Assemani’s expedition netted hundreds of manuscripts for the Vatican Library. He also produced the 1719 multi-volume book Bibliotheca orientalis Clementino-vaticana, a reference tome that not only cataloged the manuscripts he collected, but described their contents, the various languages and traditions present and how to interpret them. And, nearly 300 years later, the book remains the main reference book on the Vatican Syriac manuscript collection, while also becoming an artifact itself.
Digitizing Syriac manuscripts
The Syriac Language
Discovering Syriac in Europe
Giuseppe Simone Assemani
The Spread of Syriac
Syriac Church Literature
Syriac Christianity dates back to the 1st century A.D. The Syriac language is a rich dialect of Middle Aramaic that was spoken across the Near East during late antiquity and the Middle Ages. During this time, the Syriac Christians authored an abundance of manuscripts pertaining to history, science, literature, philosophy and religion.
“Preserving the linguistic and liturgical traditions of the Syriac Christians became a priority for HMML in 2006, when globalization, wars and religious intolerance began to threaten historic Syriac Christian communities in the Middle East and India,” said Fr Columba Stewart, OSB, executive director of HMML. “By digitizing, cataloging and archiving these unique witnesses to human creativity and cultural identity, HMML is keeping the Syriac language, literary and liturgical traditions and histories alive and accessible forever.”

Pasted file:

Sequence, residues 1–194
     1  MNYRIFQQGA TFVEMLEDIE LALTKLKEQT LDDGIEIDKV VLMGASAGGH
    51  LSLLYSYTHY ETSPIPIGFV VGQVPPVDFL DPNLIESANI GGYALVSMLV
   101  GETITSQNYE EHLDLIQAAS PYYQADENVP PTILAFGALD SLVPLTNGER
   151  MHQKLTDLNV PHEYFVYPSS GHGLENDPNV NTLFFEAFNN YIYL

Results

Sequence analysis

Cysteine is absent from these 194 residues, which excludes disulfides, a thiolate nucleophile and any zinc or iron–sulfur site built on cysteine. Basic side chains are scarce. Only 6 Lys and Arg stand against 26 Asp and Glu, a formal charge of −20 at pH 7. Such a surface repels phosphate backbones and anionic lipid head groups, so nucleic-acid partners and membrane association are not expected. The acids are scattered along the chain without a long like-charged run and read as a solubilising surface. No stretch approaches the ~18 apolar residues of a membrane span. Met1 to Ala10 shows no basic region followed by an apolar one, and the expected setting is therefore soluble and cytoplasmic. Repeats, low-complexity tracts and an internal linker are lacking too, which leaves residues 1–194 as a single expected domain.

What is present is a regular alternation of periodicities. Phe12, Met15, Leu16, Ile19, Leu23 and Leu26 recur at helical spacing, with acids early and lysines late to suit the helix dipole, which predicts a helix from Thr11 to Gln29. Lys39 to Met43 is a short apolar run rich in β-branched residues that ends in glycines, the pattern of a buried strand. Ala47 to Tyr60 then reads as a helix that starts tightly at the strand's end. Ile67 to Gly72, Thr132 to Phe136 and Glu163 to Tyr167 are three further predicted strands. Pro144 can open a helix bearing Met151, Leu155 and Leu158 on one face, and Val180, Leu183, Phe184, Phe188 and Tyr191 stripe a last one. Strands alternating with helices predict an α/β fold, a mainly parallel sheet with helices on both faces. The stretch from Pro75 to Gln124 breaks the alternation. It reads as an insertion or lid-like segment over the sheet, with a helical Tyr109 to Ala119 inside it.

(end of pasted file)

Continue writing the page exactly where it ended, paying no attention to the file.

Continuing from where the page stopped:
Since 2003, HMML has digitized over 13,500 manuscripts belonging to Syriac communities in Lebanon, Syria, Turkey, Iraq, and India. The current exhibition includes over a dozen rare books and manuscripts, including a manuscript fragment from the 9th Century, an Ottoman pen case and inkwell from Damascus and a 21st Century prayer stole from Kerala, India.
The exhibit is free and open to the public in HMML’s Reading Room through September 2016. Due to the renovation of the adjacent Alcuin Library, HMML is currently only accessible via stairs. Those wanting more information about visiting HMML should visit www.hmml.org or call 320-363-3514.
The Hill Museum & Manuscript Library’s mission is to identify, digitally photograph, catalog and archive endangered manuscripts belonging to threatened communities around the world. Having formed partnerships with over 540 libraries and archives, HMML has photographically preserved over 140,000 manuscripts from Europe, Africa, the Middle East and India.
HMML is currently preserving manuscript collections in many global sites, including Lebanon, Iraq, Jerusalem, Egypt, Mali and Malta. These resources are available through HMML’s legacy catalog, OLIVER; image database, Vivarium; and the recently launched vHMML, at www.vhmml.org, HMML’s new online environment for manuscript research. See more at www.hmml.org.